In her debut collection of 13 short stories, seventh-generation Floridian Gale Massey explores the lives of girls and women illustrating the moments that shape and alter destiny. "Rising and Other Stories,'' written over a period of 10 years, seeks to discern societal constructs and their acute burdens, and the many ways that people -- particularly women and girls -- attempt to rise above them.
Below is an excerpt from a story called “Low Tide’’:
The girl woke at midnight to the sound of water and stepped into the dark hallway outside her bedroom. Her mother stood at the kitchen sink in a rumpled yellow house dress, pouring a glass of water over the shriveled potted ivy on the windowsill. When the woman picked up her car keys, the girl stepped into the moonlit kitchen.
"Where are you going, Mom?”
“For a drive.”
"I'm coming with you." The girl expected her to say no, but her mother walked out the front door.
They drove south through town on the old bay road past the smokehouse where the smell of wood and mackerel hung in the air. They passed the bowling alley where her father had tried to teach her the game but what she learned was that a gutter ball would make him laugh.
He'd been buried a month now.
The drawbridge was up where the road curved west and the bridge crossed the Intercoastal. The lights on the guard arm blinked yellow against the black sky. The girl and her mother waited as a boat passed below and the drawbridge lowered. The nightwatchman raised the guard arm and waved them through.
Beyond the flat one-story motels lay a stretch of deserted beach. A breeze from the gulf blew across the dunes and bent the sea oats toward land. Her mother got an old quilt from the trunk and gave it to the girl to wrap around her shoulders.
Despite the warm night air, the sand cooled the soles of their feet and chilled their skin. Low tide had left bits of shells, fish bones and seaweed, scattered like shrapnel along the shore. Seagulls slept in small clusters. A white heron flew down the beach. The sky was shot through with stars, evidence that the world still spun.
They walked a mile then spread the blanket and laid on it. Moonlight reflected on the waves, lit her mother’s face. Her mother seemed to fall asleep and so the girl curled in a ball and closed her eyes too.
When she woke, her mother was sitting up cross-legged and staring at the horizon.
"We should go," she said.
They stood to leave, but a large object appeared at the water’s edge. Awkward and lumbering in the lapping waves. Half-submerged and dark, the girl’s first thought was of driftwood, but it moved with the purpose of an animal.
"In all my years,” her mother said.
"What is it?”
"A sea turtle coming ashore to lay her eggs.”
Small waves crashed over its back. It heaved forward, trailing bits of seaweed and foam. It stopped at a spot between two sand dunes and started digging a hole.
Her mother whispered, "This is her beach. They say that a turtle lays her eggs in the same place she was born.”
The sand was soft. It didn’t take long to dig a hole a yard wide and a foot deep.
"She'll lay her eggs and leave.” Her mother sat down to watch. “If the raccoons don't get them, a few will survive. But not many.”
Perfectly round eggs dropped from beneath her tail and rolled into the nest.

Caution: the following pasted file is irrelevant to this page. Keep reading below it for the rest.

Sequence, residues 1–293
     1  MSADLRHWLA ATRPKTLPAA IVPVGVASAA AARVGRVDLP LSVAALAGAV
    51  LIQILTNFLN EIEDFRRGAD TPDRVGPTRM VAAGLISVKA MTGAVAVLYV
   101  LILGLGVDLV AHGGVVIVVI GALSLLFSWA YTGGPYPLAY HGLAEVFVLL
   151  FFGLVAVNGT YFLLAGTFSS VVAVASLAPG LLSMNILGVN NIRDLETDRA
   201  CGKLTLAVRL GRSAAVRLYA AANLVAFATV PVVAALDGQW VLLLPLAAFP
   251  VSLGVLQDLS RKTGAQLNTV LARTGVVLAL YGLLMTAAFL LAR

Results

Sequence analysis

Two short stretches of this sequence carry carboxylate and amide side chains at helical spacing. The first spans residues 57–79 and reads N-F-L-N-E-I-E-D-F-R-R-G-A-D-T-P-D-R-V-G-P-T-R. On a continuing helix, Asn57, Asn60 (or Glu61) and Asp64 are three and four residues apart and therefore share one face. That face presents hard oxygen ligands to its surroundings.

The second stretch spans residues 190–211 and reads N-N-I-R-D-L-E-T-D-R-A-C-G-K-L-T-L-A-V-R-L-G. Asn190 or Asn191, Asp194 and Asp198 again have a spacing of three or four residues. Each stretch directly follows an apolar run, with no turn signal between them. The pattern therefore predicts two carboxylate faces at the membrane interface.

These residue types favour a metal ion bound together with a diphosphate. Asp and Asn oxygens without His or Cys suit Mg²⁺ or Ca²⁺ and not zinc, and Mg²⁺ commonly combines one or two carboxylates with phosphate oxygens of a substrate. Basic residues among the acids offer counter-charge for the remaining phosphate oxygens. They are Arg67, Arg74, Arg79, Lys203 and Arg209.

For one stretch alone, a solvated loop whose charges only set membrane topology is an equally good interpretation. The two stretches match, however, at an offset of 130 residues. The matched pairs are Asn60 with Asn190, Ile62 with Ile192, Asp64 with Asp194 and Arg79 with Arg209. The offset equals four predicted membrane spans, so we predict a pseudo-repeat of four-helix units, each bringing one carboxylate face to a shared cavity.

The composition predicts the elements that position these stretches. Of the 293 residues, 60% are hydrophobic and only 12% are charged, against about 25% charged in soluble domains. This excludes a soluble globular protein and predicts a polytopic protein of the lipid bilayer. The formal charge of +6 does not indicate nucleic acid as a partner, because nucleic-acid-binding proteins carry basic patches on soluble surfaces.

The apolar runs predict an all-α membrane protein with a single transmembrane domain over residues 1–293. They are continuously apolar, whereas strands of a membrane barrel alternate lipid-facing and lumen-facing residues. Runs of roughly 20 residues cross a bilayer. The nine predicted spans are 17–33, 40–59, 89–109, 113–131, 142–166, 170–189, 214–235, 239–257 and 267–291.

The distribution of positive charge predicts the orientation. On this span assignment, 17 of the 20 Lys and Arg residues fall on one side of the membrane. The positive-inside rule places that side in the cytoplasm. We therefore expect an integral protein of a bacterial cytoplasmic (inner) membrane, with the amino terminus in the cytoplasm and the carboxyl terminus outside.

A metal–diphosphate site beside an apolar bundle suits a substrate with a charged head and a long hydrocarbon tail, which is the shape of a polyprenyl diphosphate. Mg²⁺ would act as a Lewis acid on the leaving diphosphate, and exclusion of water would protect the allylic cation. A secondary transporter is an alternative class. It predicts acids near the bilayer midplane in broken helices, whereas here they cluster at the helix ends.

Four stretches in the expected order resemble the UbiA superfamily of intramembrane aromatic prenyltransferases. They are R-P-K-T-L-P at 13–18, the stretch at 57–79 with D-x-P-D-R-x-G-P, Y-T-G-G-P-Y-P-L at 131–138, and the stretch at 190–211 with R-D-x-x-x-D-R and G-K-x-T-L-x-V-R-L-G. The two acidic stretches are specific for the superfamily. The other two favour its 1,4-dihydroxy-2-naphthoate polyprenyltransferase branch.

"She doesn't stay?”
"No, she buries them and leaves.”
"But who raises them?”
"They don’t need raising. They hatch and crawl to the water.”
"All alone?" the girl asked, but the woman wasn't listening.
The turtle, her eyes glazed with labor, never seemed to notice them. An hour later she'd laid more than sixty eggs. She kicked at the sand until they were covered then turned back toward the water.
The woman went to the turtle and placed the palm of her hand on her shell. At first the creature didn't seem to notice, but then she stopped and turned her head. She sniffed the air between them. The woman lifted her hand away. She followed the turtle into the water. The girl followed her mother.
The water came to the girl’s knees as they walked. Her mother knelt and pushed herself alongside the turtle. It got deeper and the girl wondered if the woman meant to return at all. The mother and the turtle crawled silently, the waves breaking over their backs.
Further out the bottom gave way to underwater cliffs and currents. The turtle swam away, leaving her offspring to survive or not, to find the sea or not. The tide was at its still point. Soon, the water would begin to rise.
The girl stood chest-deep in the black water hoping to see the turtle one last time, losing sight of them both as they disappeared in the current.
Morning yellowed on the horizon. A breeze crossed the sky. She shivered and waded back to dry land. She shook the sand from the quilt, wrapped it around her shoulders, and sat down to wait.
Gale Massey is the author of RISING AND OTHER STORIES (April 13, 2021; Bronzeville Books) and the novel, THE GIRL FROM BLIND RIVER (2018), which received a 2018 Florida Book Award and was a finalist for the Clara Johnson Award. Her work has been featured in Lambda Literary, CutBank, CrimeReads, Sabal, the Tampa Bay Times, Saw Palm, and Tampa Bay Noir. Gale was a Tennessee Williams Scholar at the Sewanee Writers Conference, a fellow at Writers in Paradise, and has served as a panel judge for the Lambda Literary Awards. She has been nominated for a Pushcart Prize in both fiction and nonfiction. She is a seventh-generation Floridian who lives in Tampa.
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